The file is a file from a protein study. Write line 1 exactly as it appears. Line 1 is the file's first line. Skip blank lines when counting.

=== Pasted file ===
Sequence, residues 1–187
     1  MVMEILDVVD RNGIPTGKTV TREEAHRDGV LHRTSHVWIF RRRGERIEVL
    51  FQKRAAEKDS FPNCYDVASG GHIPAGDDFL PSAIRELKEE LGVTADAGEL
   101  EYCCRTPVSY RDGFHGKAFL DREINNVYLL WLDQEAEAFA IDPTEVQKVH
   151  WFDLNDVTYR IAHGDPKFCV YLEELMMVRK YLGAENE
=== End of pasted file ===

Sequence, residues 1–187